If you want to study human psychology, start with dogs. Imagine psychology as a series of if-then-else patterns, where you say or do something to a human they might react in hundreds of different ways and dogs might just have a handful. So when we dressed up my childhood dog Patrick in an old shirt and he looked particularly happy, that wasn’t just him smiling for the camera.
I recently bought ten white dress shirts for steal.
My professional wardrobe for the first eight years of my career up until one month ago consisted of plain polo shirts with the occasional awkward dress shirt that would be either too small or too expensive for me to consider wearing normally. I’d rotate through my polo shirt colors as any good artist would. Nothing to it. Polo shirts are also more in the business casual side even with a white undershirt. Trying on one of the button downs was a revelation so I bought the remaining stock and felt vindicated with the remarkable response during some meetings.
Let’s talk about superficiality.
Ideally we shouldn’t have to worry about playing dressing up for others. While it’d be nice to be like dogs, where they just wear their fur coats, we have hundreds of different clothing options and psychologically clothing can represent our personalities. That’s rather daunting. You know when you go on a job interview and you don’t feel comfortable? Just how often do you wear that suit and tie or that professional dress? Those external objects are incongruent with our internal identities so we feel uncomfortable. Why not just practice wearing those fancier clothes until it’s routine?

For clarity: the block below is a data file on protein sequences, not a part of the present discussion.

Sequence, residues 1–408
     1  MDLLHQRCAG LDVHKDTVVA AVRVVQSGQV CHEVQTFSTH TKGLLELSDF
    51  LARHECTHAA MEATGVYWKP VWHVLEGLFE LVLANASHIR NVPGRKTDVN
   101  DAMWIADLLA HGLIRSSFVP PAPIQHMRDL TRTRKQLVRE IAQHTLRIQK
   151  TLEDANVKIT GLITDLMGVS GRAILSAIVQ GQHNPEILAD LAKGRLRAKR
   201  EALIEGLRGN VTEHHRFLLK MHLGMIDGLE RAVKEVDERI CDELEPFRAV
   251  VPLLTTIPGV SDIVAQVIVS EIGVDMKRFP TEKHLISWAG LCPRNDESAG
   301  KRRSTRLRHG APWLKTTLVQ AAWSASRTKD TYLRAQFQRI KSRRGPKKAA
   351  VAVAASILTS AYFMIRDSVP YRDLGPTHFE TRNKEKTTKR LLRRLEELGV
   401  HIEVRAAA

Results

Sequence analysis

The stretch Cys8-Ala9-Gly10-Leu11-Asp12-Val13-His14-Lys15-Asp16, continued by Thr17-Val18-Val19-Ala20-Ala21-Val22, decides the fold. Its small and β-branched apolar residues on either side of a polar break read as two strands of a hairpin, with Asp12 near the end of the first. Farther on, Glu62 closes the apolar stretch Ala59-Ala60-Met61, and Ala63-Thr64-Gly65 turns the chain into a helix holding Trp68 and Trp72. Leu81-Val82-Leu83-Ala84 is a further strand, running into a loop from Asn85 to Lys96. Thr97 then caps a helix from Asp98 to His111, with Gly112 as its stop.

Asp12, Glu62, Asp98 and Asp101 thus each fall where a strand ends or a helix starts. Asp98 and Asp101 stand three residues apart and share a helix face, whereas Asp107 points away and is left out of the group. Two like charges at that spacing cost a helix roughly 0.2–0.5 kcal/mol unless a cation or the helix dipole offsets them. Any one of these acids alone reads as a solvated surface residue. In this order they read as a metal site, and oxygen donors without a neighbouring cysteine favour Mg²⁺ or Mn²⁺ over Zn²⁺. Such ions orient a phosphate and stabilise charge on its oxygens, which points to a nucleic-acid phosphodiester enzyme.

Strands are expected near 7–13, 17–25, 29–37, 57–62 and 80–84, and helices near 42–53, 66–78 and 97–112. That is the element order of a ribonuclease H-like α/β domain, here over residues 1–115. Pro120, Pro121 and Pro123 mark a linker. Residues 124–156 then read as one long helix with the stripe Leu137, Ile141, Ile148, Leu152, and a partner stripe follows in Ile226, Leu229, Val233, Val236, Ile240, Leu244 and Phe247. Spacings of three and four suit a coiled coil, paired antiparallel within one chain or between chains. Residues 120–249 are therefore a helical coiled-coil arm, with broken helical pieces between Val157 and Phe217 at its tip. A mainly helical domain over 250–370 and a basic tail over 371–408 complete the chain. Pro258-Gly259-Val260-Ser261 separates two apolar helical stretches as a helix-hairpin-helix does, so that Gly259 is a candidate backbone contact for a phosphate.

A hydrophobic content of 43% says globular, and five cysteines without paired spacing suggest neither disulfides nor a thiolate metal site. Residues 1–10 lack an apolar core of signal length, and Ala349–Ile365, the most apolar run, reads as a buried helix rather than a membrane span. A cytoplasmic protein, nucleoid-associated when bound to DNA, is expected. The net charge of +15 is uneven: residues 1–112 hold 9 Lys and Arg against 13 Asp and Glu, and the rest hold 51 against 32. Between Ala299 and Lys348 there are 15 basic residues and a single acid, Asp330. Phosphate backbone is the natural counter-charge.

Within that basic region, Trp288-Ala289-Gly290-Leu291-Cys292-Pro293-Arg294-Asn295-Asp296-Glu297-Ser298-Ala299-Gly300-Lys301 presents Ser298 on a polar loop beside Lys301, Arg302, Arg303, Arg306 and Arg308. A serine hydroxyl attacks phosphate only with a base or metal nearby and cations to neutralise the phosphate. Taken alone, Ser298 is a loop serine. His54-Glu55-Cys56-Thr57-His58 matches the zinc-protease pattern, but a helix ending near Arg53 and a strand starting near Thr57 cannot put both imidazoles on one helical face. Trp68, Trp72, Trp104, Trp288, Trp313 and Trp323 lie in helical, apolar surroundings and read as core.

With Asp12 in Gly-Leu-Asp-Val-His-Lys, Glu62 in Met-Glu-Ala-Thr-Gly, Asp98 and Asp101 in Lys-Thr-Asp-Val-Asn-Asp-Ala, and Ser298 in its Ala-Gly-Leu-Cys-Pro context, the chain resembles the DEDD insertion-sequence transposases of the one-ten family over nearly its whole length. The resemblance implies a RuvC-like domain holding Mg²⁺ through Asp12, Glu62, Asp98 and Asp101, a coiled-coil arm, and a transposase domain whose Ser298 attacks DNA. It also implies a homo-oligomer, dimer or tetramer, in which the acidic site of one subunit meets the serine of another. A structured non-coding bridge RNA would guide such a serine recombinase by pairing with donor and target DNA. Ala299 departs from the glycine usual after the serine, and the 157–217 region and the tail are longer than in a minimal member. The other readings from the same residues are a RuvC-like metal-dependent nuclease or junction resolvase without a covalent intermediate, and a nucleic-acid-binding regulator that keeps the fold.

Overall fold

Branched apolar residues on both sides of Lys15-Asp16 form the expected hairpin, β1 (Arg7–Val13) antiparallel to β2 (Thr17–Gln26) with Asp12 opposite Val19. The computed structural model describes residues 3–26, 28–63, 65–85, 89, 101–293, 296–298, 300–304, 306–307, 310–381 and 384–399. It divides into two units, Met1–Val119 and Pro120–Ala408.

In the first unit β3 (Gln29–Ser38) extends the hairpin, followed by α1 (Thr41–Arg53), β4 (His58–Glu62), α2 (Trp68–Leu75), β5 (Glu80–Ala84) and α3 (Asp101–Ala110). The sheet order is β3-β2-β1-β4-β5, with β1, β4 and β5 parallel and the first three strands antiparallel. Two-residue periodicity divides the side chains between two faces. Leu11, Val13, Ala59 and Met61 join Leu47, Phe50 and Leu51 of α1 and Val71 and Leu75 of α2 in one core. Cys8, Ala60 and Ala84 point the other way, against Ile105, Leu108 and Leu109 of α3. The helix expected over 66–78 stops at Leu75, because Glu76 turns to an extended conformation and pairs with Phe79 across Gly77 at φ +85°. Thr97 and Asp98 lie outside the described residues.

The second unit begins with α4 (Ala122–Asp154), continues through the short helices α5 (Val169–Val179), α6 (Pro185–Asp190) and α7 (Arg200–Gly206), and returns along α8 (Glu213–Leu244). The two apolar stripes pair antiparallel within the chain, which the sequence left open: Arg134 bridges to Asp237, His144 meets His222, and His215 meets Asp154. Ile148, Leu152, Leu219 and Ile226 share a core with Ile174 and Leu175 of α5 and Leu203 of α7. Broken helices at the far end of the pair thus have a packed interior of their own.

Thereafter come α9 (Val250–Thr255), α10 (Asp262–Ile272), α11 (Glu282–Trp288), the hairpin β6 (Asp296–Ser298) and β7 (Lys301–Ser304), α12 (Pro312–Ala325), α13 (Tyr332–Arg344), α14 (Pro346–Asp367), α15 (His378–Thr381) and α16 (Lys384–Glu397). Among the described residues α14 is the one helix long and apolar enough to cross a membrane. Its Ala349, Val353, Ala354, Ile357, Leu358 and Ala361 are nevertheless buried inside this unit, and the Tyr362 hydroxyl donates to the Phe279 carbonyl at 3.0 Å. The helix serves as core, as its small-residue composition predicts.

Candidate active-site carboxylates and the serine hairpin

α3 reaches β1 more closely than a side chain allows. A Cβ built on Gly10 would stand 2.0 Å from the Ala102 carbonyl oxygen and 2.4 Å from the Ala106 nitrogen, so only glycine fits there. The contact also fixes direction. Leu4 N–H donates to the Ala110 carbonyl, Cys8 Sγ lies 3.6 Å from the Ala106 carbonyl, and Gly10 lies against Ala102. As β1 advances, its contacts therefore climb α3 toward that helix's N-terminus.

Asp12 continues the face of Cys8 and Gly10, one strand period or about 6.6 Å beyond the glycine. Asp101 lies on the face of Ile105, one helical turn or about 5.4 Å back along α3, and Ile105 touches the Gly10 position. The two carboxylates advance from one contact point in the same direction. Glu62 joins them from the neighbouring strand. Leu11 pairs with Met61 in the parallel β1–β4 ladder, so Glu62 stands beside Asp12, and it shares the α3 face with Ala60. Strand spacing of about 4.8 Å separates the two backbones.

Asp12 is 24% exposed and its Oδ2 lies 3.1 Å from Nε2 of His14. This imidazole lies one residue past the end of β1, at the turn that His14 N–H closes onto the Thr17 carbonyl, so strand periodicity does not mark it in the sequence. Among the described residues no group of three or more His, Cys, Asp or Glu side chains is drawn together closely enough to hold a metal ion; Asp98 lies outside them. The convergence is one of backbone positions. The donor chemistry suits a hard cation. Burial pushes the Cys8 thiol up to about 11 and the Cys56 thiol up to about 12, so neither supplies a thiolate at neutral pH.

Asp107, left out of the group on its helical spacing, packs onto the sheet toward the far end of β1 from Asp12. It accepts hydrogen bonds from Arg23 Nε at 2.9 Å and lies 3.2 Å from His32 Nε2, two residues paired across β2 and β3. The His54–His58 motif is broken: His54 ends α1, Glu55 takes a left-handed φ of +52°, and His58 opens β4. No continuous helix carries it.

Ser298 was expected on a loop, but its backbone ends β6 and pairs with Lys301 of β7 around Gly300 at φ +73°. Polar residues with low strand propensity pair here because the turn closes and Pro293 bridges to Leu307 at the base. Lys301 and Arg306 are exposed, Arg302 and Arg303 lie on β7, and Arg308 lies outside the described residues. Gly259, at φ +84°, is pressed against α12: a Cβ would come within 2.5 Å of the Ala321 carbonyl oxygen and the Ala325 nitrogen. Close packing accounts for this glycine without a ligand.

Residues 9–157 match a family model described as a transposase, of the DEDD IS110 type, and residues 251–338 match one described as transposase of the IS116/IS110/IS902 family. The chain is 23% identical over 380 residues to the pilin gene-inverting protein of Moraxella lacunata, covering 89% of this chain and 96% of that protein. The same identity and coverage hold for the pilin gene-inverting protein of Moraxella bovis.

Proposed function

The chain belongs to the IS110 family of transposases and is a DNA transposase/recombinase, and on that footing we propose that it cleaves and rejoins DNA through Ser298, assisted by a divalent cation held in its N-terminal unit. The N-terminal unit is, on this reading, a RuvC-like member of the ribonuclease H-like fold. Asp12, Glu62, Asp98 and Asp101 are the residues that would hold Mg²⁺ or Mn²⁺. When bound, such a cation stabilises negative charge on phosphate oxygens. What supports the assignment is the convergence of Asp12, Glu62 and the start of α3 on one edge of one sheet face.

How about Patrick?
When we dressed up Patrick in that shirt, we’d make him feel comfortable with some treats and an overabundance of attention, quickly sneak one arm of the shirt in through one arm, the other, then pat him on the head to reassure him that he’s such a good boy. That photo was his standard smiling expression. He’d switch over to a serious face before smiling again. So he wasn’t upset over the process even though it wasn’t part of his normal wardrobe. He also probably couldn’t conceptualize something being fancy that would need to be treated carefully, even if he was smarter than the average dog.
So those white dress shirts.
Now I’ve been noticing just how many celebrities wear these types of dress shirts with Jamie Hyneman from Mythbusters being an example. Police and security do, too. They’re authoritarian. So when I went to that symphony, I wore my comfortable worn-out black work shirt, even if by now I’m already comfortable with upping my wardrobe. The thing, though, is that I don’t think it’s just the external factor. I deserve to wear nice things, to look as cool as I feel, and to have a sort of Shield of Praise around me.
Patrick saw that shirt as a way to get what he wanted.
So, too, should we when considering clothing.